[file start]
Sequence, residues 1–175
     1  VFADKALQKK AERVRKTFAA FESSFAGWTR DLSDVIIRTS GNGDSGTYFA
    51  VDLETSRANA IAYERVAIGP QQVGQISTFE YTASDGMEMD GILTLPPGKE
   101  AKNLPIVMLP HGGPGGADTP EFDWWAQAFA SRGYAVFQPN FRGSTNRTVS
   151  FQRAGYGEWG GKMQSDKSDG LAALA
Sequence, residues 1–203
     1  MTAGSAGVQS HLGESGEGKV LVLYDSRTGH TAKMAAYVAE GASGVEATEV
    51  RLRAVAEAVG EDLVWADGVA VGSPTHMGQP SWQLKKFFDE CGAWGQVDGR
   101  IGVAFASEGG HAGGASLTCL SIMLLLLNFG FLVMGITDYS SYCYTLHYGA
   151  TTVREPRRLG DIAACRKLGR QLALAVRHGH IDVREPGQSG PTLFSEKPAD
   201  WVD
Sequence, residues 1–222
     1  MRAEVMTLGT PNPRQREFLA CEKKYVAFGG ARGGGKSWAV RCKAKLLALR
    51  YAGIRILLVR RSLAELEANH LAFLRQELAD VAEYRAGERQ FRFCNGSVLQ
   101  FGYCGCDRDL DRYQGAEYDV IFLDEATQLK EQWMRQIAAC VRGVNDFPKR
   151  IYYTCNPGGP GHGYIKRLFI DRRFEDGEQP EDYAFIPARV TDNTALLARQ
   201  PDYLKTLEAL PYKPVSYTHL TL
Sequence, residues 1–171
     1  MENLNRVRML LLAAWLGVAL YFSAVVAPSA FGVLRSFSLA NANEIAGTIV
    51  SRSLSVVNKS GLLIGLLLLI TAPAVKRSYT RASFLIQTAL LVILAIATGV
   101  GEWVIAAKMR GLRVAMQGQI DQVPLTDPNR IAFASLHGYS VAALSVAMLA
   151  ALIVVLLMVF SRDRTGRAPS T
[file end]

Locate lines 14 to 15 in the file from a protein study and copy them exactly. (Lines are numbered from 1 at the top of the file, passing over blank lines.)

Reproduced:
    51  YAGIRILLVR RSLAELEANH LAFLRQELAD VAEYRAGERQ FRFCNGSVLQ
   101  FGYCGCDRDL DRYQGAEYDV IFLDEATQLK EQWMRQIAAC VRGVNDFPKR